Both Jon Lester and the Cubs have expressed interest in a reunion, though it’s not going to be under the terms of the $25 million option the club holds on the lefty. That’s a pretty decent chunk to allocate toward any pitcher, let alone one who’ll turn 37 in January, and the Cubs figure to stay on the cheap side with most of their acquisitions this winter. With that in mind, they could look to their division rivals in St. Louis for a contract structure that makes sense for both pitcher and team.
Adam Wainwright has pitched each of the last two seasons on incentive-laden one-year deals set up to limit the Cardinals’ immediate exposure while still giving the veteran a chance to earn decent money. Though both deals were very similar in terms of their structure, it’s the 2019 contract that probably fits the best in this case. I’d like to say it’s because the two pitchers in question were of similar age, but it’s really about the lower base salary.
In addition to trying to avoid a third consecutive competitive balance tax overage, the Cubs will almost certainly limit their actual spending in 2020. It’s important here to note the potential for a very big difference between the checks ownership is cutting to players and the amount of average annual value going toward the luxury tax calculation. Whether and to what extent you believe the Cubs experienced biblical losses as part of an industry that doesn’t make much money, it’s plausible that they have and will feel a pinch in terms of liquidity.
That’s where Lester becomes a perfect example of how ownership and the front office will likely attempt to navigate the winter. His $10 million buyout was part of his guaranteed salary, so it’s been included in his AAV over the last six years and will not count toward the Cubs’ CBT total for 2021. However, the Cubs will still have to pay Lester that amount and might not be too keen on guaranteeing him another $5 million or more in base salary.
Enter the Wainwright comparison. The righty finished up a five-year, $97.5 million deal in 2018 with an injury-shortened campaign that torpedoed his value, but he and the Cards still wanted to run it back for a 14th season. They agreed on a one-year deal for a $2 million base salary with up to $8 million in incentives as a starter or $7 million as a reliever, and he actually ended up triggering the bigger bonus with 30 starts in 2019.
The comparison gets a little tricky is in the escalators, since an extra $8 million could eat up most or all of the leeway Theo Epstein figures to leave for midseason acquisitions. Though only the $2 million initially factors as AAV, those bonuses would count once reached and aren’t as far-fetched as you might think. Lester recorded at least 31 starts in 12 consecutive seasons prior to 2020 and his 12 starts extrapolate to 32 in a normal year, so there’s a good shot he could still get there.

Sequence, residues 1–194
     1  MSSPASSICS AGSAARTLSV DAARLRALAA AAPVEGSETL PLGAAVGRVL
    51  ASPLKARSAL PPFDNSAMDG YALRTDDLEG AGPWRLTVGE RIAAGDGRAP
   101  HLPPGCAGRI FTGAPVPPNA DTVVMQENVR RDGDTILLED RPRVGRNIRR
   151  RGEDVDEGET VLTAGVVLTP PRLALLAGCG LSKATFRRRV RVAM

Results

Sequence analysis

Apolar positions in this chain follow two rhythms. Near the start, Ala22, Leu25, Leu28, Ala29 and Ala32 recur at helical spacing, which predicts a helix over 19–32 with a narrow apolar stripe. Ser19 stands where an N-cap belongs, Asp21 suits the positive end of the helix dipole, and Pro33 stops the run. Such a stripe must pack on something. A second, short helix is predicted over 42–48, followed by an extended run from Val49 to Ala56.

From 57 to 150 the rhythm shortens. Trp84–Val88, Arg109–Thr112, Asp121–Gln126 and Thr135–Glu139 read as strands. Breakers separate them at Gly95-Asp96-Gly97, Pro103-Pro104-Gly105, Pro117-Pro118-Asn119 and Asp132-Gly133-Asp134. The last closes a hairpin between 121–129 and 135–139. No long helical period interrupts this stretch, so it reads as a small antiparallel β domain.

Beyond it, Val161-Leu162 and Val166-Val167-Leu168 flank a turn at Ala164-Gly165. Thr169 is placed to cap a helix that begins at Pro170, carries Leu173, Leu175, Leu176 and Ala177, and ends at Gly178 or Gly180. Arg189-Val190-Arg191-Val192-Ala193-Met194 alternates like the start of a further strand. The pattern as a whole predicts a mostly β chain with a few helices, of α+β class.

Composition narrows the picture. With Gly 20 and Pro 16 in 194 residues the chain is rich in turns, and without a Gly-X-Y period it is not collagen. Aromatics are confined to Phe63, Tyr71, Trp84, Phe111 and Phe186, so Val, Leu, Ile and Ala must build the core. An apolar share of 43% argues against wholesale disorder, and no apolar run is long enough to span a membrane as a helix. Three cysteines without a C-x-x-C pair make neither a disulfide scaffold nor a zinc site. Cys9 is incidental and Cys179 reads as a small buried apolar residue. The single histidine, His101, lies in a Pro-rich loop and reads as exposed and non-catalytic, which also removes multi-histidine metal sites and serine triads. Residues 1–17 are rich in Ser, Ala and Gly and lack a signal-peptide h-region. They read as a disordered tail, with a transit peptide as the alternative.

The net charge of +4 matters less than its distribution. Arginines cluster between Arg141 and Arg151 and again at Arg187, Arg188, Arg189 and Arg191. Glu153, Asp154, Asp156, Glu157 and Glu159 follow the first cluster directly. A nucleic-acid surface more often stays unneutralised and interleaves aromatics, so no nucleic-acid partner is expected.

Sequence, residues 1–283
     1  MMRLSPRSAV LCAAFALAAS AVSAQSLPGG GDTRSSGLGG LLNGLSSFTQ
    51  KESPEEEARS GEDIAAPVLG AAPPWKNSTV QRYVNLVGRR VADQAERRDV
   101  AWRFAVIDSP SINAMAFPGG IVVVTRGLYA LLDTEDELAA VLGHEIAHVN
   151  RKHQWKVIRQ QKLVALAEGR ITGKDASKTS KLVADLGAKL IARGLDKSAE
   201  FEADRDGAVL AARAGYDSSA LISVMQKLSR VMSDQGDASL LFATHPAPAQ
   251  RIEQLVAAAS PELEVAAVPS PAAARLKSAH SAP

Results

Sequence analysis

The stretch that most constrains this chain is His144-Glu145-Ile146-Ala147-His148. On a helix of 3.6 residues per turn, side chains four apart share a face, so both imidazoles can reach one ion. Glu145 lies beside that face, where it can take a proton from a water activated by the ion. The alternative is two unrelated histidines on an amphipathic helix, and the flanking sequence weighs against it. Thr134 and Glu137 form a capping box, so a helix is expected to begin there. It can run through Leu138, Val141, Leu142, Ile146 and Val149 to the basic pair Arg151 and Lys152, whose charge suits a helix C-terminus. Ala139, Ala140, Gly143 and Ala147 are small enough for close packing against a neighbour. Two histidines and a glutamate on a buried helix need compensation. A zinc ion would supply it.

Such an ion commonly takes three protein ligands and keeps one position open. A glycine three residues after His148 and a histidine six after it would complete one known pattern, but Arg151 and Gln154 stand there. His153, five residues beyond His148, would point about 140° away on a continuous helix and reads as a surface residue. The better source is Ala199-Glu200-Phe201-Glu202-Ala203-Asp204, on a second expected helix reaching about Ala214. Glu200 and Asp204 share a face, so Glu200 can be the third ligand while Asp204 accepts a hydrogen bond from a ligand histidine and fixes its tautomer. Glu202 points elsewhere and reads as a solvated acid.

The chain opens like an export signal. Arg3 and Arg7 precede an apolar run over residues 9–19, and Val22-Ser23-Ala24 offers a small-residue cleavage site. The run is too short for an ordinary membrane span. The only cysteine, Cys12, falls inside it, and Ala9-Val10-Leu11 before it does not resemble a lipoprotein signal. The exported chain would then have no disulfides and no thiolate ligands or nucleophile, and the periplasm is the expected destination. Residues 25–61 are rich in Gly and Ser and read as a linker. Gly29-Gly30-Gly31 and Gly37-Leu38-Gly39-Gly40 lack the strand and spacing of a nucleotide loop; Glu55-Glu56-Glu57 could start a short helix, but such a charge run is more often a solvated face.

Maybe Epstein structures things a little differently with something like $250,000 for every five-start milestone up to 20 starts and then $500,000 or $1 million upon hitting 25 and 30 starts. That would allow Lester to earn $2-3 million on top of his base while getting a chance to earn his 200th win as a Cub. It also allows the front office to stay within a budget that figures to be tighter than ever.
Most importantly, it would significantly reduce the amount of money the Cubs need to spend on starters in free agency. Epstein has already said they plan to invest in rotation depth from outside the organization, but Lester coming back on the cheap means they might not have to look for an everyday pitcher. And for those who argue that Lester’s lost it, consider that his 5.16 ERA would have been just 3.35 were it not for two terrible starts against the White Sox.
Yes, I’m cherry-picking. I’m also looking at a man who means a lot to the organization and who can capably hold down the fifth spot in the rotation for at least one more season. He’ll have to take a massive pay cut to do it, but there’s mutual desire and a pretty clear precedent for how he and the Cubs can make that work.